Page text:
This will be demonstrated by using the Rube Goldberg Machine (RGM) analogy. Mechanical RGMs will be introduced, and their relationship to conceptual biological RGMs explained. Exemplars of these biological RGMs and their evolution (e.g. introduction of mutations and recombination-like inversions) will be demonstrated using block diagrams. The conceptual biological RGM will then be mapped to an artificial vascular system, which can be modeled using microfluidic-like structures. Theoretical expectations will be presented, particularly regarding whether or not maximum intermediate steps equates to the rescue or reuse of traits compromised by previous mutations or inversions. Considerations for future work and applications will then be discussed.

Example of the "cooption" and "inversion" scenarios described further in the paper.

This paper introduces a new metaphor for understanding non-optimality in the evolution of complex traits. This metaphor is inspired by the mechanical Rube Goldberg machine  (or mechanical RGM as I characterize it in the paper).

In mapping this metaphor to biological systems, I introduce the concept of "maximum intermediate steps" in the function of a trait (traits that are not optimized with respect to evolution, structure, or function), which can be characterized by biological versions of the RGM. I have written about this idea in one of the first posts in this blog, but this is a more formal computational look at how this might work in nature.

As always, I would appreciate feedback.

April 15, 2011

Nathan Sawaya, LEGO Artistry

I have been getting into the work of Nathan Sawaya, who makes sculptures out of LEGO bricks

Nathan Sawaya at work

Check out pictures of his work here.

April 11, 2011

In praise of repetition?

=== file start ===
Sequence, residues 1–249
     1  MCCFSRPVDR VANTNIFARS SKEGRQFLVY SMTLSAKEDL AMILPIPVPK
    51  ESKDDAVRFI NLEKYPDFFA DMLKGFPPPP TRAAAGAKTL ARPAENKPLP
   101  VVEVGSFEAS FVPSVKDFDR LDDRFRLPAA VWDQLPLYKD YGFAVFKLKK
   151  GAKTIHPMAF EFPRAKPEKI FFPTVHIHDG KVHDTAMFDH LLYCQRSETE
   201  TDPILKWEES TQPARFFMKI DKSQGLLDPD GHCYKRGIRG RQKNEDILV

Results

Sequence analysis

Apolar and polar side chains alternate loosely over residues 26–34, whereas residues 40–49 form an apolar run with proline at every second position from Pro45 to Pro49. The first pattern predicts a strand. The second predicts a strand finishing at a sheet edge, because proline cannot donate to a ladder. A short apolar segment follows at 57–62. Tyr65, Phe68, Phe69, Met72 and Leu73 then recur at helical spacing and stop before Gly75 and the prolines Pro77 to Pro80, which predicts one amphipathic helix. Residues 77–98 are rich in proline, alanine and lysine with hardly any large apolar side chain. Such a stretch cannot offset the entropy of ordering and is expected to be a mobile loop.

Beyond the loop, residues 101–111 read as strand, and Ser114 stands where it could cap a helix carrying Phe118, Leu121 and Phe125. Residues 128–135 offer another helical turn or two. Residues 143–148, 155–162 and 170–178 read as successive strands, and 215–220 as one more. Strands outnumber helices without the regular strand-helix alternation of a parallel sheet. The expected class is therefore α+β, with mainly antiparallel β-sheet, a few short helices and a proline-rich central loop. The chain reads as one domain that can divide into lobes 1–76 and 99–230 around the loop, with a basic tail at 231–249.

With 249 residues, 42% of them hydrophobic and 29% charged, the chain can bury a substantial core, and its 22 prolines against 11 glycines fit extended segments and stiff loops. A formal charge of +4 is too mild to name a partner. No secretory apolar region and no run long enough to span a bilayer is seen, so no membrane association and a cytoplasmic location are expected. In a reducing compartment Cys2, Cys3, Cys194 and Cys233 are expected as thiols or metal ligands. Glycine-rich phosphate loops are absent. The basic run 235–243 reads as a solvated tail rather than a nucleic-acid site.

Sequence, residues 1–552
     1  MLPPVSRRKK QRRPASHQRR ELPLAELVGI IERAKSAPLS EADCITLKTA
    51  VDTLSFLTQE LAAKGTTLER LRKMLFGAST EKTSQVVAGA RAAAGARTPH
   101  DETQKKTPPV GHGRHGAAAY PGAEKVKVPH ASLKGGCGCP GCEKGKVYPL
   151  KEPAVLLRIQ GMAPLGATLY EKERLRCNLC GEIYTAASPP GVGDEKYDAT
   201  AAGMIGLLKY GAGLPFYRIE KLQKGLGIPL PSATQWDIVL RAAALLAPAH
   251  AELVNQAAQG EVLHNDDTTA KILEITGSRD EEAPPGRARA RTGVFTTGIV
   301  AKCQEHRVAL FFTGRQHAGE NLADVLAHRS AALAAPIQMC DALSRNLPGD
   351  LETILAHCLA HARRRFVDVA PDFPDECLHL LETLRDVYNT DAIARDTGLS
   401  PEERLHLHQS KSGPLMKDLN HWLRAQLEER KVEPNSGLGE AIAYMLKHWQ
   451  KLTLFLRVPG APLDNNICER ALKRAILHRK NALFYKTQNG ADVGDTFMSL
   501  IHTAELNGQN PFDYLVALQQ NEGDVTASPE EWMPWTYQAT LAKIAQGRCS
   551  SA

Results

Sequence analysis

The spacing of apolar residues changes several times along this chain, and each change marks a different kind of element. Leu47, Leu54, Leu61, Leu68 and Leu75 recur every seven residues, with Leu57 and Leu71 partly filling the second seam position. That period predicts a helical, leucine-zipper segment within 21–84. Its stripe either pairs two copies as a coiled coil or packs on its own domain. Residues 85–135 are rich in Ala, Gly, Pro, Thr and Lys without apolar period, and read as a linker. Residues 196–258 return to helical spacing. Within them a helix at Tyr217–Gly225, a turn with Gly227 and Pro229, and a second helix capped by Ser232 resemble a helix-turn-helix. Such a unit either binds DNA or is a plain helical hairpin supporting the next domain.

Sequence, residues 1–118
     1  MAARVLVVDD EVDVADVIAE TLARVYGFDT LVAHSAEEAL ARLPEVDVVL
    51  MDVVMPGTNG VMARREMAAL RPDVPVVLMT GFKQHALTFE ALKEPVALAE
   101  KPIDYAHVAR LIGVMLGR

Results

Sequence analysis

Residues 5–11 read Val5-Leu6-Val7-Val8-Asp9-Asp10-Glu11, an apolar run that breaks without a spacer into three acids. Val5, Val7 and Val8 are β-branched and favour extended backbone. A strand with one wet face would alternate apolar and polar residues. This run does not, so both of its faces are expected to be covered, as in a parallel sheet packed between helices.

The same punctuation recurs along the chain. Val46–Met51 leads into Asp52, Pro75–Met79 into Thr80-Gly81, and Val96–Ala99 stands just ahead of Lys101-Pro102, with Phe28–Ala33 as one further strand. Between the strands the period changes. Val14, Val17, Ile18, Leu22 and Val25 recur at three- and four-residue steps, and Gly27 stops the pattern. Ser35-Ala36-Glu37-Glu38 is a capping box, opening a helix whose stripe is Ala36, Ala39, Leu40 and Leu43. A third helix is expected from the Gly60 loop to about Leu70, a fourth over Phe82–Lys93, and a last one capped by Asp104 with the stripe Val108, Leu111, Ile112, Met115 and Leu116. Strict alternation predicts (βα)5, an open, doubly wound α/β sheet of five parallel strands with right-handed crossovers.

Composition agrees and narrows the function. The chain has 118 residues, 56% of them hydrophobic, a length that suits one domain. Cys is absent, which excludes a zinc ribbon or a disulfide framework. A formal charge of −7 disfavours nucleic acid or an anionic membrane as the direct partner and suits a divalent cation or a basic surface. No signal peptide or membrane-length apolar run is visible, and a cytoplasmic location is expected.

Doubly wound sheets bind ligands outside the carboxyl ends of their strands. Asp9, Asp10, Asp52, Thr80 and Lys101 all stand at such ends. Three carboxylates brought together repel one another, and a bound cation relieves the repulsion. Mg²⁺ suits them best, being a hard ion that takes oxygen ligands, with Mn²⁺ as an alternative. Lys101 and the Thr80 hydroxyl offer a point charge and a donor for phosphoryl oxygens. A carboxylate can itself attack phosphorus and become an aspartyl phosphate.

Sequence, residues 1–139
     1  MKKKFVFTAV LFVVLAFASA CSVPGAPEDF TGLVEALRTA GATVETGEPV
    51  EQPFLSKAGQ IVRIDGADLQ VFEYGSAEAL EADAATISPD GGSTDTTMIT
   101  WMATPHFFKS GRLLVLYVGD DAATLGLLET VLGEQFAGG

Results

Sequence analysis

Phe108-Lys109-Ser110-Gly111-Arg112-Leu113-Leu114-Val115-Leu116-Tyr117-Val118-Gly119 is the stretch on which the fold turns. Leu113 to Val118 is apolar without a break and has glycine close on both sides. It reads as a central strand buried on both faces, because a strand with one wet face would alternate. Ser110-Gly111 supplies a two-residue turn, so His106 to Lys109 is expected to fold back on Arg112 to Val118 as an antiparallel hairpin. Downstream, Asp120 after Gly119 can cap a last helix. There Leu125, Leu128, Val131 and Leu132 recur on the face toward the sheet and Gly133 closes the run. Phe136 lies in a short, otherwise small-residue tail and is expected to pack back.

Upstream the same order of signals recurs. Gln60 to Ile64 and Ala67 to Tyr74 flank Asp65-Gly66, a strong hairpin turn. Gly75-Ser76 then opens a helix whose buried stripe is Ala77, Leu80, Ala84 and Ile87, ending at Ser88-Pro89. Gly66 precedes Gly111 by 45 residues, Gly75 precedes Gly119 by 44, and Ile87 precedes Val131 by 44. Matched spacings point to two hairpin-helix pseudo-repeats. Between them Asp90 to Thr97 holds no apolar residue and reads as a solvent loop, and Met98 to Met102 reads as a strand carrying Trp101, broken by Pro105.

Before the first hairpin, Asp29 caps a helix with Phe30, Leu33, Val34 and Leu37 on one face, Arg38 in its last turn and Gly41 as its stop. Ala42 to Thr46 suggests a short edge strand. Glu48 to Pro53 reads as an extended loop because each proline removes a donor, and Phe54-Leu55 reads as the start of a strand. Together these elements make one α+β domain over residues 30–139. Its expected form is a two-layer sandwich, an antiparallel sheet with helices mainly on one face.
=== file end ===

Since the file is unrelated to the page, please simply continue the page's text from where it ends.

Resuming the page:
Just read James Dyson's Wired blog post called "In Praise of Failure", characterizing the trail-and-error nature of innovation.

Overall, I found his characterization of invention dead-on. However, I've noticed that Dyson Labs tends to use the same basic mechanism (centrifugal force) and applies it to all his new creations (e.g. the cyclone and air multiplier technologies). If each of his creations consisted of a novel mechanism, would the failure rate be much higher? Or is it an inventor's process that is key to successful innovation (with a healthy dose of failure, of course)?

It appears that each inventor has their own style: Edison would exhaustively prototype an idea, Dyson uses the "template" approaches, and others use whatever they are most comfortable with. And that might be the most important take-home message of this article: invention is a creative activity, and so it must be done in a way that allows the inventor maximum inspiration.

What's at syntheticdaisies.blogpot.com?

One letter missed, and I get this:

Wonder if I can buy rapture cookies from them (nougat-filled, with a swirl in the center the shape of the Virgin Mary)? Definitely optimized for Netscape 2.0 (circa mid-90s).

April 8, 2011

Surrealism of the Month III

The definition of surrealism is....machine gun jubblies.

This, as far as I can tell, is the living definition of a "literary trope". As in "happiness is a warm trope".

Postmodernism courtesy of: Katy Perry ("Firework", "California Gurls" videos), Austin Powers ("The Spy Who Shagged Me" movie)